This has to be the most reprehensibly named of all the OZ episodes, if for no other reason than that it forces Augustus Hill into dialect for some of the narration.
This episode is a series of confessional, both in the traditional sense and not. The main storyline is of Jefferson Keane, who continues to turn away from the gang and eventually toward Islam. Keane undergoes a complete breakdown and rebirth through the aid of Kareem Said. It's a real rollercoaster of an episode for Keane (and shows off acting chops we weren't aware that Leon had). He's so disillusioned that he starts to act strangely, setting fire to his mattress and refusing newcomer Kenny Wangler into the gang. After he is confronted by Said, Keane finally admits his feelings of spiritual bankruptcy.
What follows is Keane learning to be a Muslim and to let joy back into his life. His happiness if short-lived, though, as he runs afoul of the most dangerous man in prison, Ryan O'Reilly. Keane encourages O'Reilly to confess his involvement with the death of Dino Ortolani. For this, O'Reilly tells the Italians that Keane killed Dino, and offers to take care of Keane as a "sign of good faith". He arranges with the hacks for Keane to be alone in the gym with two murderous members of the Latino gang, and rather than die, Keane kills one of his foes and ends up on Death Row.
Near the end of Keane's odyssey, we finally meet Governor James Devlin in person. Devlin, played perfectly by Zelijko Ivanek, is one of the most fun characters on OZ, mainly because he is so evil. He's a non-violent O'Reilly, who lies and manipulates to get what he wants. In this episode, Devlin appears at the prison to give a press conference, and to warn the staff that Keane will be the first person executed now that the death penalty is back.
The two other main focuses of this episode are Tobias Beecher and Father Ray Mukada. Becher continues to be abused by Schillinger, but gets good news when Sister Peter Marie recruits him to be her assistant in the psychology office, and when Ryan O'Reily recruits him to be his assistant in snorting heroin. Trust us when we say, high Beecher is the most fun Beecher of all.
We see and learn more about Father Ray through a series of scenes of him taking confession from various prisoners, giving prayers, and administering communion. While Father Ray has as much faith as Sister Peter Marie, he has an arch sense of humor that she, and many others in OZ lack.
The story of Father Ray's pet project, Miguel Alvarez, is also advanced in this episode. Miguel's baby is born, but has many birth defects. Miguel confesses that he thinks this is his fault, and eventually cuts his face and palms in a misguided attempt at contrition.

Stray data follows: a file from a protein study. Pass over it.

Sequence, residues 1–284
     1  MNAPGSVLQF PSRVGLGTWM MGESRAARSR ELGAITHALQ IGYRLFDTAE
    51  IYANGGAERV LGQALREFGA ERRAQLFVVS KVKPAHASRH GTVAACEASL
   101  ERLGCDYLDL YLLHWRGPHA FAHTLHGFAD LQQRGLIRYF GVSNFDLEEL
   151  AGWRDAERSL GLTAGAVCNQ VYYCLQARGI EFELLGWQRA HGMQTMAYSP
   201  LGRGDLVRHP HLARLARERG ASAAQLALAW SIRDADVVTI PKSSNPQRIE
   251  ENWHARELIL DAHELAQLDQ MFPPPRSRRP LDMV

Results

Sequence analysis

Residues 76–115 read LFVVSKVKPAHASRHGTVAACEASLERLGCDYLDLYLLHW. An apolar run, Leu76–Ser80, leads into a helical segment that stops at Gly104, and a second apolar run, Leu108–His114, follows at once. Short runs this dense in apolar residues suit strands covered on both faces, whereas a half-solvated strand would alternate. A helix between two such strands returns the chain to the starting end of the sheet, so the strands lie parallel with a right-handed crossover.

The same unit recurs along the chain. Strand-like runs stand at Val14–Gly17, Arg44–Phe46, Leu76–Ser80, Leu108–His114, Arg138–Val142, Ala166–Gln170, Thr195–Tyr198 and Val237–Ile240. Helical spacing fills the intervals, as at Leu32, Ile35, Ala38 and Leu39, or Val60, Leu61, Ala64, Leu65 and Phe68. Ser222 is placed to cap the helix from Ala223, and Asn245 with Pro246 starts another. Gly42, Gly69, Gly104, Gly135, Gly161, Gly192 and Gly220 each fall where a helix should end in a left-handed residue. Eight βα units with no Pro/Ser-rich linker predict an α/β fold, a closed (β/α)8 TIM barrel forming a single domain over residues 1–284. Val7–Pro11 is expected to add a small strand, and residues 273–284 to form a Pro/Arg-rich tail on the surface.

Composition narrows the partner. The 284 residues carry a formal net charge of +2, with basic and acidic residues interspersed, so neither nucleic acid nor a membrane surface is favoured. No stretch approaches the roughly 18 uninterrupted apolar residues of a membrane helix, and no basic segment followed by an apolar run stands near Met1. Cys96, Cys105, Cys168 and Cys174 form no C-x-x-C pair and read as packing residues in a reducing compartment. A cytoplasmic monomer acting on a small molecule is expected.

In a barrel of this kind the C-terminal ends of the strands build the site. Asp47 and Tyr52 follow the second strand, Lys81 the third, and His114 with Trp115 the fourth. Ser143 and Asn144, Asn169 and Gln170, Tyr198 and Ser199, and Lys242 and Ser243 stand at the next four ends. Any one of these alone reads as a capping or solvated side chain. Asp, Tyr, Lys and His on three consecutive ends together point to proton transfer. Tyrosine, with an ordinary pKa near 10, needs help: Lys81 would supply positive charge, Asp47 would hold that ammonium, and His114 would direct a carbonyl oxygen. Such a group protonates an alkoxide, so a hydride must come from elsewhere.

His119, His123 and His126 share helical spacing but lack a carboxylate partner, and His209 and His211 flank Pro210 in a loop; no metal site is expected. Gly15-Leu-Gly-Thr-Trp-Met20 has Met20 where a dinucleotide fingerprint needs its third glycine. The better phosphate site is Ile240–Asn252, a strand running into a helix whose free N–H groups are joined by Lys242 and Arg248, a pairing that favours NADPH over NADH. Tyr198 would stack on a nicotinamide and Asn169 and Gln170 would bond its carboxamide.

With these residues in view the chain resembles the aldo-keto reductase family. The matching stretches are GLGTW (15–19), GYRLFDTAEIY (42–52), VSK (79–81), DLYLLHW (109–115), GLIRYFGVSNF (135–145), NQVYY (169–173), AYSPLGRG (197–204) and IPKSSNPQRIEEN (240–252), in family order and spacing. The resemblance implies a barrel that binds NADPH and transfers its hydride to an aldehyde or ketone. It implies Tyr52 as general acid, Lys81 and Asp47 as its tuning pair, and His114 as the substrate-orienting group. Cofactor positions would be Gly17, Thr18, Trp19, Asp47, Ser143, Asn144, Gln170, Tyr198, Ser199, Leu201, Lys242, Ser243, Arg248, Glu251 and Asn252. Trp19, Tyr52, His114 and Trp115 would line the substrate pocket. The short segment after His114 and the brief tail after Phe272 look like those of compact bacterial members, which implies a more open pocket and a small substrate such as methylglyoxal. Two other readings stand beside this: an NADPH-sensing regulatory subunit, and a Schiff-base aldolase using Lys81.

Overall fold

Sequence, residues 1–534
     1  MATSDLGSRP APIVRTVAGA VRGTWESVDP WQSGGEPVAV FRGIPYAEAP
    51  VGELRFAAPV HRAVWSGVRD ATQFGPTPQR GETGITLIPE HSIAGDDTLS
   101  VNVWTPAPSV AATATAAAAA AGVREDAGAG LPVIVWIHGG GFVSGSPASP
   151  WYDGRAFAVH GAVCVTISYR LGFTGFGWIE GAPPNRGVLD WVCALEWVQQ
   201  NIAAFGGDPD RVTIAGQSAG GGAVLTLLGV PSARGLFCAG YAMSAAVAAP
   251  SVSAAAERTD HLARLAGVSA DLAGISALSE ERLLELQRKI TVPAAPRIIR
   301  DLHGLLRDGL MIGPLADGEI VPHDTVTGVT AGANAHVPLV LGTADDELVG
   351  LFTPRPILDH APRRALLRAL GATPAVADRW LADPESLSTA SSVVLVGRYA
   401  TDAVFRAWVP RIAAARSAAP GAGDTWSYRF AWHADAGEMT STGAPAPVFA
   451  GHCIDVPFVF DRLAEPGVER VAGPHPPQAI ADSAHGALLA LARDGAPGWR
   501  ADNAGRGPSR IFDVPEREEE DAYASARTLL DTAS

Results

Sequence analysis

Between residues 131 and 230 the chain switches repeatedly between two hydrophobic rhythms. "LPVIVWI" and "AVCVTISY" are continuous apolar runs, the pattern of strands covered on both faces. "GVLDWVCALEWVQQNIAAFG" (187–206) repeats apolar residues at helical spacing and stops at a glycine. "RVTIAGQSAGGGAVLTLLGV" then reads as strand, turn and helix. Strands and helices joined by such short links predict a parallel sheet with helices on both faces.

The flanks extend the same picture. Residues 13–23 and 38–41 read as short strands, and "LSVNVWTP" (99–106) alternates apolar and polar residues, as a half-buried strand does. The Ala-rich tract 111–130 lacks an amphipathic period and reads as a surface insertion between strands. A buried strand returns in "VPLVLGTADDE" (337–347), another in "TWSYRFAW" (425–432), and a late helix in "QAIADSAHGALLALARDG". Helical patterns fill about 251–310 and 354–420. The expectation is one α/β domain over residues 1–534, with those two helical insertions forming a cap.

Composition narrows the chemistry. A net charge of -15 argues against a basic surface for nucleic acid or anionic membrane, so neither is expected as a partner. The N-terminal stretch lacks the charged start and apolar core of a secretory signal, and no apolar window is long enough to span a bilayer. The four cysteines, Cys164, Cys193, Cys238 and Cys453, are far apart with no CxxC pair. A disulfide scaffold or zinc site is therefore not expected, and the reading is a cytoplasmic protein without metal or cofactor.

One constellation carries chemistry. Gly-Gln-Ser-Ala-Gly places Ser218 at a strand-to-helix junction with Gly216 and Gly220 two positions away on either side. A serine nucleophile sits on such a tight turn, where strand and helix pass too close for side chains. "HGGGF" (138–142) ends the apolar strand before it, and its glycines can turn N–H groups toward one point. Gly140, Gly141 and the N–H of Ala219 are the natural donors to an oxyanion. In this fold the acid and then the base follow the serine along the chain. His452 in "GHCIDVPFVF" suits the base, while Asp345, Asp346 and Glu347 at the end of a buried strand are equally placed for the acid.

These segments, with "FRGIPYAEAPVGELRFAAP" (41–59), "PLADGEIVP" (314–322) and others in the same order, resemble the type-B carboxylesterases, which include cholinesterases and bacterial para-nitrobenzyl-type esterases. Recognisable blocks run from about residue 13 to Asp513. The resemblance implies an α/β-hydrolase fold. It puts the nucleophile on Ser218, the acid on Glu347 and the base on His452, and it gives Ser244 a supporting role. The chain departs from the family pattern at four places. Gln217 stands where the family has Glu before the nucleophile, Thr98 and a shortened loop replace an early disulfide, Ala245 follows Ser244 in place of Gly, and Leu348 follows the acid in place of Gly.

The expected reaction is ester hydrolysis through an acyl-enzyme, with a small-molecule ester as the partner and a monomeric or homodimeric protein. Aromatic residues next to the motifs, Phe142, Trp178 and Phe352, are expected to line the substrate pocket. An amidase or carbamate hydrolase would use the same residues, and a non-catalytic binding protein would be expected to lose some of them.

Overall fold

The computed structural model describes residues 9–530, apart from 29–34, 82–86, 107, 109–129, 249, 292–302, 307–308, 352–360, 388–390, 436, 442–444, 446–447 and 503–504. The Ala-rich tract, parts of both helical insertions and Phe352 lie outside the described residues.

Another fun storyline, that is really just in the background here, is that of Donald Groves. Groves in in prison for killing and eating his parents, and is just hilarious. He has many fantastic lines and gets to indulge in a lot of general weirdness. He's frequently punished for doing things like sneaking into the morgue, and relishes watching the fights of other prisoners. In this episode, to emulate Keane, he tattoos "MOM" onto one hand.
Important Characters Introduced
Kenny Wangler (J.D. Williams), aka "Bricks", is the number one character who's death we prayed for throughout the run of the show. Kenny enters Emerald City as a 16 year old gangbanger, and, after a brief flirtation with Islam, joins Keane's crew to sling, and snort, heroin. Kenny is incredibly annoying (despite many great lines), which is really a tribute to the talent of J.D. Williams. Williams went on to star as Bodie on The Wire, and seeing him in that role made us realize that Kenny is only annoying because of how Williams portrays him. Williams is actually a fine actor; just check out Bodie's last stand on The Wire.
O'Reilly Death Watch
The hacks may have taken Jefferson Keane to the rec room, but it was Ryan who asked for the set-up. Because of that, we have to add Julio Martinez to the Death Watch. Ryan set up the fight in which Julio dies, and Keane is sent to Death Row for. Keane's execution by the state has to go in the O'Reilly column as well.
Miguel Alvarez with his shirt off. It's never a bad thing.
Keane: We must repent for what we did to Ortolani and for getting Johnny killed.
Ryan: Repent? You kidding or are you high?
Groves: I've been reading a lot since I got here about different faiths, and yours is pretty nifty.
Father Mukada: Catholicism is nifty?
Groves: You have that whole mystical transubstantiation thing going.
Father Mukada: That's right. The Eucharist becomes the body of Christ.
Groves: So, you're actually eating his flesh and drinking his blood?
Father Mukada: That's right.
Groves: Now, how can I not get behind a religion like that?
Unbelievable Elements We're Expected to Believe
1. That Olen Mills came to the ghetto and took a portrait of Johnny Post, gun out, on the hood of his car.
2. That Ryan O'Reilly only got life imprisonment for committing what we refer to as Eight Blocks of Crime: "Ryan O'Reily convicted on July 12th 1997, two counts of vehicular manslaughter, five counts of reckless endangerment, possession of controlled substances, criminal possession of a weapon and parole violation. Sentence: Life imprisonment, up for parole in 12."
Unfortunately, I can't find video of Ryan's truly epic crime spree. Will update as we learn to edit videos.